In light of this, it comes as no surprise that several brands launched new initiatives geared towards sustainability efforts and investors continued to reward these plays. Resale and rental continue to pave the way as the most popular path for companies to promote sustainability. As noted above, The RealReal, a luxury resale platform IPOd successfully this month while sneaker exchange platform StockX and European luxury resale platform Vestiaire Collective both announced large funding rounds. Nordstrom announced a partnership with Rent the Runway to provide in-store “drop-off boxes” for subscribers to scan and return rented items. Scotch & Soda announced that it will launch a men’s rental subscription service in September, joining women’s brands like Ann Taylor, Vince and New York & Co. on the CaaStle platform. Already a leader in sustainability, Patagonia launched a mail-in trade-in incentive program for its used clothes. Not to be outdone, outdoor clothing and sporting goods company Arc’teryx announced its own re-commerce program for gently used gear. While eBay was a pioneer in the resale space, it has recently taken a more active role in the fashion industry. The Company announced a partnership with online luxury boutique What Goes Around Comes Around to release a curated capsule collection. Cotton Inc announced a partnership with Zappos for Good (the community outreach arm of Zappos) to collaborate on its Blue Jeans Go Green recycling program in an attempt to reduce textile waste. Finally, following in the footsteps of Farfetch’s Conscious Edit, Net-a-Porter launched Net Sustain on its homepage which focuses on sustainability with more than 500 environmentally friendly pieces from 26 brands. We expect to see this trend continue with more companies launching sustainability initiatives as well as bigger companies using strategic acquisitions and investments to get in on the trend like Neiman Marcus did with its investment in Fashionphile in April.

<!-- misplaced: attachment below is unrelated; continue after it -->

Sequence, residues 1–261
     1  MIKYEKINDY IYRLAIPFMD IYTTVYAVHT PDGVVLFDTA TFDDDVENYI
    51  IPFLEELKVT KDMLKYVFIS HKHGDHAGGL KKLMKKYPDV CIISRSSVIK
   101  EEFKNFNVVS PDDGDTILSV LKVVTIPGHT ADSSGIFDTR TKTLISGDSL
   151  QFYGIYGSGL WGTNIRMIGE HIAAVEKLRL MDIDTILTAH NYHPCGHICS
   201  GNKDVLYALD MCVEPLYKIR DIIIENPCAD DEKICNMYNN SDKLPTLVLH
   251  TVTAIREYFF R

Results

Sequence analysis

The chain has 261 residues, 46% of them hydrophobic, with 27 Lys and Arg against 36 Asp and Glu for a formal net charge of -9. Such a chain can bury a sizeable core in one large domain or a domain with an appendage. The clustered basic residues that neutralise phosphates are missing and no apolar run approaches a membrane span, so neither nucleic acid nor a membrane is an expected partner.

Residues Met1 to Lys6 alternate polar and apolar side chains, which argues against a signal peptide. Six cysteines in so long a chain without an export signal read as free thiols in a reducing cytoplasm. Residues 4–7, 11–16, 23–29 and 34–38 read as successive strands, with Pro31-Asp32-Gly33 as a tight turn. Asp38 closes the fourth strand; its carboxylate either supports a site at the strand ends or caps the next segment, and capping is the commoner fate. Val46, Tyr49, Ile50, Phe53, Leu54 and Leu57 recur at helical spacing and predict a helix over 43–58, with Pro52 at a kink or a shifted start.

Additionally, competition is heating up in the beauty world as Target and Amazon take on the incumbents both on the specialty side (Sephora, Ulta) and the value side (Walmart). Target is in the midst of the largest revamp of its beauty department in years. The overhaul includes a new, more beauty friendly layout that mimics the format of an Ulta store as well as an increased focus on showcasing DTC brands like Harry’s and Target’s own hit private label brands like Good Fellow & Co. While Target doesn’t have exclusives with cult brands like Sephora and Ulta do, it hopes that its hybrid strategy of selling both new and exciting brands along with traditional value beauty brands like Maybelline will draw customers from both Sephora and Walmart. To put it into perspective, Target sold $18 billion worth of beauty products last year, more than Ulta and Sephora combined. To add insult to injury, Amazon unveiled its new online professional beauty store to sell supplies to licensed professionals. The store is meant to go head to head with Ulta and Sally Beauty as a one-stop-shop for stylists to be able to stock up on everything they need at a single, online, store for low prices. While neither Target nor Amazon will likely be able to eat away at the cult, high-end beauty market, these moves highlight increasing competition in the space for the high-low consumer who enjoys discovering new brands but is also happy to continue to wear the same Neutrogena moisturizer they have worn for the past ten years. We will see how this phenomenon progresses as more DTC brands decide whether to use Target's large retail footprint to expand their national reach.